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Hotel Tea Kettles - why not to use

Just read the most disgusting thing about these. If you gross out easily don't read this, just don't use a hotel tea kettle ever again.

I was looking at Tours with Sarah's website last night and noted she included a coil immersion water heater in her packing list. So started googling info on them and alternatives and stumbled upon articles about people using hotel tea kettle to boil their underwear. Yep, totally disgusting even if pretty rare. Here's a piece from readers digest. https://www.rd.com/advice/travel/hotel-room-kettle/

We'll be bringing our own water heater. A dual voltage one like she recommends is $10 on Amazon or if you have the luggage space you can spring for a collapsible kettle for $20. The price for piece of mind and a cup of coffee in my pjs.

Posted by
7153 posts

You can find ANYTHING on the internet...from facts to fiction.

Posted by
20569 posts

Wrong, Tim -- almost everything on the internet is fiction.

Posted by
1840 posts

stumbled upon articles about people using hotel tea kettle to boil
their underwear.

I thought everybody did this???

Posted by
448 posts

Yes there is a chance this is all BS or worst an extremely rare occurrence. On the other hand we just assume that something in a hotel room is clean and sanitary without really knowing much about it.

My brain can tell me it's fine to use and I'll still go nope, just find a coffee shop.

Posted by
6065 posts

On the other hand we just assume that something in a hotel room is
clean and sanitary without really knowing much about it.

For your own mental hygiene, it's probably better this way - makes life a lot more easy going. The internet has become its own cesspool and echo chamber of extreme tales. I personally don't attach much importance to articles that start with "rumor has it...". Although rumor has it that people do all sorts of things in hotel beds...but I won't be packing my own duvet cover or mattress or anything else.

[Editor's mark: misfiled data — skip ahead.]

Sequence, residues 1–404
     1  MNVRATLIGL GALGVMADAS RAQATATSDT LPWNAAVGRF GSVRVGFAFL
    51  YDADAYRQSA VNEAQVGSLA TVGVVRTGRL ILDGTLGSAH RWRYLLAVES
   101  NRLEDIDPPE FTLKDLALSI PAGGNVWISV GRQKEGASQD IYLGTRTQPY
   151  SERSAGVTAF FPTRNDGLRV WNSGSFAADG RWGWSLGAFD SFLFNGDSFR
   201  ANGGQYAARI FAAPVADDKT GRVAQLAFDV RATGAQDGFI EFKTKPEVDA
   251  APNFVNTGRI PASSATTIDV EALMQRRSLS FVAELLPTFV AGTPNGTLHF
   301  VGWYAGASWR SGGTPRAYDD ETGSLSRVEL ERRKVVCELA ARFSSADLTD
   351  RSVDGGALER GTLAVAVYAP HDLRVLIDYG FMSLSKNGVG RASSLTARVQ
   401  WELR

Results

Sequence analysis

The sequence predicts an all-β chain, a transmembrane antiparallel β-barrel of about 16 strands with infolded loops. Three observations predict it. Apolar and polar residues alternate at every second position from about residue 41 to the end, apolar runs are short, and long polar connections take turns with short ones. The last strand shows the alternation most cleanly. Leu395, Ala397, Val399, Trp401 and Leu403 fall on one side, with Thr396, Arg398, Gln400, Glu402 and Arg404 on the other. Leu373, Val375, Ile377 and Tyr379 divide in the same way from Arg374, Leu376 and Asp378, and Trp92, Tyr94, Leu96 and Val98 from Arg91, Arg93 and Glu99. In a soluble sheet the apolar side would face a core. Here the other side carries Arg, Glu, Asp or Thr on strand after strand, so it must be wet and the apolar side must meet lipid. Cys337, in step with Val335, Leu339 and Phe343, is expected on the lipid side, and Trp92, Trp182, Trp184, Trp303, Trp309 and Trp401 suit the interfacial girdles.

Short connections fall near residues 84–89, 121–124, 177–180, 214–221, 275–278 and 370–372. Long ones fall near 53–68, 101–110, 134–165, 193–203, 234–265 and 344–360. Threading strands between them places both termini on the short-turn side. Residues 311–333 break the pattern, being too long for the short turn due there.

Posted by
95 posts

I spent many years in the Alaska Bush - we would consider this just a "little" extra flavoring! Nothing that will kill you! :)

Posted by
1029 posts

But I read it on the internet, it must be true!

Some people are scared to death of the remote control. But they’ll happily grab the remote at their friend’s house and put on the ballgame oblivious to the fact that the cute new baby had the remote in her/his mouth 2 hours ago

Posted by
703 posts

Let's see. It is standard practice to boil water from questionable sources to kill any germs that are in it. You are boiling water in the tea pot. What is the problem????????

Posted by
5238 posts

What Irv said -- maybe wash the pot out with soap and water first. Sometimes it's better not to overthink some things -- like how many people have slept in this bed, used these towels, eaten with these utensils. Otherwise we might all stay at home with the doors locked

Posted by
3904 posts

I take my mini Nespresso machine with me, it even fits in my small carryon if it's just me going away for a few nights. My wife has a small portable kettle as she travels frequently within Europe for work and has found that some rooms don't provide a kettle.

Besides, even if this story is true there are a lot more unsavoury practices going on in restaurant kitchens all over that makes this story pale in comparison.

Posted by
5817 posts

Do not put soap in a kettle!
Any of it gets left behind after the ( frankly unnecessary) wash and you are likely to get boiling suds frothing out as the water reaches boiling point.
Speaking from personal experience here after I dropped my kettle in the sink!

If you are going to worry about this, Just think what happens on a hotel bed!

Posted by
8497 posts

I travel with an immersion heater and cup for those hotels that don't have kettles. Only twice in my travels have I asked for a new kettle.

The first in Dublin where the previous occupant made tomato soup on the kettle and didn't wash it out. The second when the kettle was so old, and not used, there was some rust in it.

They now make collapsible kettles, but my immersion heater and cup take up less room.

A warning about using immersion heaters. They must be in water when plugged in. If you remove the heater while still plugged in, it will short itself out and you will have a useless immersion heater. Don't aks me now this works but I have ruined a few.

Posted by
448 posts

For Irv, no not every germ is killed in boiling water.